Monday, 4 June 2012

The PM speaks from his backside

The David Camwrong defence of the government's u – turns is interesting. Sort of
I quote from the BBC website: 'Mr Cameron said it took courage for an administration to admit it was "ploughing into the brick wall" and change course.'
I must say that I am a little suspicious of any person or organisation that calls itself courageous; and the idea that it is brave not to plough into a brick wall is novel.
I also question how courageous it is to admit you have to change course if you do not, in public, discuss how it was that you were able to go wrong. That's the important point.
That might be difficult in the case of this week's u-turns because, in lieu of his explanation, I rather think it was the strength of opposition which persuaded them to change rather than the force of argument.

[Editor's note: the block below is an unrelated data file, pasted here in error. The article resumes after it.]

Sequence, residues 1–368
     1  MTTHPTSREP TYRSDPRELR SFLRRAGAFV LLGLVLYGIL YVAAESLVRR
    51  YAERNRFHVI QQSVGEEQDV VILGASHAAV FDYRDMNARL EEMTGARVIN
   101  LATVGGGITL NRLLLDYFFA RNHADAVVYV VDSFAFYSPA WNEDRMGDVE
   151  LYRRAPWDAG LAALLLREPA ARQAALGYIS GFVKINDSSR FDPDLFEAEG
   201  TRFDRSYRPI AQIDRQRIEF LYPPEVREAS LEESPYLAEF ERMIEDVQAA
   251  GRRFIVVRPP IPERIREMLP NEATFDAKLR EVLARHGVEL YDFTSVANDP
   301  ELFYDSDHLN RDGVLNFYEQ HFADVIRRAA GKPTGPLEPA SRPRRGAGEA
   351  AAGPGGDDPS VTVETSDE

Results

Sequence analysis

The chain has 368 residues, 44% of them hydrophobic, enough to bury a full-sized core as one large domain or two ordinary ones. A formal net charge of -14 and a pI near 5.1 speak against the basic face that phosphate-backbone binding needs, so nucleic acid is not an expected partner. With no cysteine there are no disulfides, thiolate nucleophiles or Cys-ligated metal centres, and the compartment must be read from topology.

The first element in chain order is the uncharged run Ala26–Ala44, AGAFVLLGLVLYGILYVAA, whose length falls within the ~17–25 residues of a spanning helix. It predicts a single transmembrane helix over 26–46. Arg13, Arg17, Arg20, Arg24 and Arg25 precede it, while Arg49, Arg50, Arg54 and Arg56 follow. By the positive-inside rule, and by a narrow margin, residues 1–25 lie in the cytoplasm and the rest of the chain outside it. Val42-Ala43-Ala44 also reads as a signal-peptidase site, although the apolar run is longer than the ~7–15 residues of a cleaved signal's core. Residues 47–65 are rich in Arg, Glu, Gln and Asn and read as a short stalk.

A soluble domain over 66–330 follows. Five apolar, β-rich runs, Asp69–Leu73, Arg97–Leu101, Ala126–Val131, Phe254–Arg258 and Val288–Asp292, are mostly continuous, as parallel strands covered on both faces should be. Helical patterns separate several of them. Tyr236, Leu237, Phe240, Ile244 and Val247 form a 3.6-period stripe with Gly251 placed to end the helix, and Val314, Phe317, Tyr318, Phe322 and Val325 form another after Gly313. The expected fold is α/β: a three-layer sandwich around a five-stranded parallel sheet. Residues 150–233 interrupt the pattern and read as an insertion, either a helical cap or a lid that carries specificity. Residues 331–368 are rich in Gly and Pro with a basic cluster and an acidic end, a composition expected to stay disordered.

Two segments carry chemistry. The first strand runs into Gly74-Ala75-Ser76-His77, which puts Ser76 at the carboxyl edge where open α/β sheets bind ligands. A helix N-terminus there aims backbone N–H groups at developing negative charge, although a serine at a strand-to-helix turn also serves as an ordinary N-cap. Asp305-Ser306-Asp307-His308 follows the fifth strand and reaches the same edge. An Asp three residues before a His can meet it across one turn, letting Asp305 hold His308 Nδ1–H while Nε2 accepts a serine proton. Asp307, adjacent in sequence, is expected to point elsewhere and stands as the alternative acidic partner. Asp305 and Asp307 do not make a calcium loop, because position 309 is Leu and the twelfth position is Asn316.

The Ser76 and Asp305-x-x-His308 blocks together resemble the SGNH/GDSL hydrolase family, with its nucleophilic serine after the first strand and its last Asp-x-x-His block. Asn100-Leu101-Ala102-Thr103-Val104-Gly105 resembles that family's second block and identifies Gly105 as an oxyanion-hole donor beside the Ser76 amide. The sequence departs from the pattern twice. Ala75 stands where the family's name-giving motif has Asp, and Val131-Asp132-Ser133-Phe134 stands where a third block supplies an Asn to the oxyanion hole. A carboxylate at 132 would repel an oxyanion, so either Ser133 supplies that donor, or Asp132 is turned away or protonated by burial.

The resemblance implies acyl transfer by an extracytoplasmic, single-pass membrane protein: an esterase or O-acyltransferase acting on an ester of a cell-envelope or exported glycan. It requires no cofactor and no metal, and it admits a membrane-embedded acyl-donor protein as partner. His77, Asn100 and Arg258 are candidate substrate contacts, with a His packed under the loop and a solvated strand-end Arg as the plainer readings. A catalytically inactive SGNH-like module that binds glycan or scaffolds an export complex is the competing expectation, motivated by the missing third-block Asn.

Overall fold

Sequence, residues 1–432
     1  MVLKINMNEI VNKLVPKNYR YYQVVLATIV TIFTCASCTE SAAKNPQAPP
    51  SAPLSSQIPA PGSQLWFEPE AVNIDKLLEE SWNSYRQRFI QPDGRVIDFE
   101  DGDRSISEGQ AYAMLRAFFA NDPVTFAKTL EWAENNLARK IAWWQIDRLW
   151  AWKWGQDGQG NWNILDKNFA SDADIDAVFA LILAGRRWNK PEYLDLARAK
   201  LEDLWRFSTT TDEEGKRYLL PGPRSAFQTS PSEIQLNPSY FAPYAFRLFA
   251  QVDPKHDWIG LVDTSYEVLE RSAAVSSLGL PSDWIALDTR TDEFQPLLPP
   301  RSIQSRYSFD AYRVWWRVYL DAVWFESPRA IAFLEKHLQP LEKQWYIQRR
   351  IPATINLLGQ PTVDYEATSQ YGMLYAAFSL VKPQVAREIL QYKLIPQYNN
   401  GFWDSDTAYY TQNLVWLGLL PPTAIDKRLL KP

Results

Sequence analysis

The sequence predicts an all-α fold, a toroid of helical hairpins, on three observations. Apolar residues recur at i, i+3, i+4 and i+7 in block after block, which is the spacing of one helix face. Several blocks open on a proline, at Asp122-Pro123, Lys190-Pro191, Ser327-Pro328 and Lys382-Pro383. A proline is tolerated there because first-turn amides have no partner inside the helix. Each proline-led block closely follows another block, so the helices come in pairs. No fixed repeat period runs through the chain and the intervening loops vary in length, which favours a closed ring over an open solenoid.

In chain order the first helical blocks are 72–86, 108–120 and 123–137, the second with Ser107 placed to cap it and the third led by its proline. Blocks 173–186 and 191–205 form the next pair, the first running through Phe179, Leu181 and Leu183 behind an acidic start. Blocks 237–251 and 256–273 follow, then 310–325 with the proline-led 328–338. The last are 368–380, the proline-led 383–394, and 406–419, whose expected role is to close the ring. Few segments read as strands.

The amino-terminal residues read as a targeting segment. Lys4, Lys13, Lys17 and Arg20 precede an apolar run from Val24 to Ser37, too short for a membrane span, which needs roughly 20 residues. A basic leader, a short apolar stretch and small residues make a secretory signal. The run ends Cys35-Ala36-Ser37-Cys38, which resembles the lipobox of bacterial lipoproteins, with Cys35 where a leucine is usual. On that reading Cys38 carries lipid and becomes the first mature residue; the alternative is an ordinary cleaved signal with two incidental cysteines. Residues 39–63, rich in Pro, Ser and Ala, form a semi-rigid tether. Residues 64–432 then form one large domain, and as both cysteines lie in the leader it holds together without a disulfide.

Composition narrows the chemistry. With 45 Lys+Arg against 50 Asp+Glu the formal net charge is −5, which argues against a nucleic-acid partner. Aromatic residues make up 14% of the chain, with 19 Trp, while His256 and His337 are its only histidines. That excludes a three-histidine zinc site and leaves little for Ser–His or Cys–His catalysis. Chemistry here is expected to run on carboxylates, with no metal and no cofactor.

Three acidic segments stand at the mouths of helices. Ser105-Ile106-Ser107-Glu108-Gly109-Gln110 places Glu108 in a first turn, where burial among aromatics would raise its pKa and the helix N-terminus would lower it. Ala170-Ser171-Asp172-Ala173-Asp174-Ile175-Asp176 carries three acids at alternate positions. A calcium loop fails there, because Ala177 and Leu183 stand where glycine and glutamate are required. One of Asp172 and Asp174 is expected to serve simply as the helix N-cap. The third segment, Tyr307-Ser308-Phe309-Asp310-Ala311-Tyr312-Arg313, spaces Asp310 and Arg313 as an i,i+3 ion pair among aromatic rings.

The only mistake they seem to have acknowledged to themselves is that they misjudged the degree of public resistance.
What interests me most is that 'Mr Cameron also insisted the government had "resolve, strength and grit"'
This is a subset of the “we're taking difficult decisions” nonsense. It's partly a consequence of most organised religion and, more, a consequence of the sadistic / masochistic undercurrent of the public school system which shaped him and his cronies: if it hurts, it's good.
Resolve, strength and grit may be ok in some situations; but too often it expresses itself as one of Douglas Adams' yellow robots yelling “Resistance is useless”
There is no indication in what the buffoon said that he has any concept of why the decisions they've abandoned despite their resolve, strength and grit were wrong beyond their own self-interest.
It's just that, in this case, more people than expected expressed a belief that they are fools or villains or both; and said they'd fight.
For instance, while everyone is congratulating themselves on resisting VAT on Cornish pasties, it seems that the ConDems plan to impose a parliamentary constituency across the border between England and Cornwall will go ahead. It may not hit the pocket immediately but it is rather serious. It is, however, harder to rally opposition even though its purpose is clearly gerrymandering.

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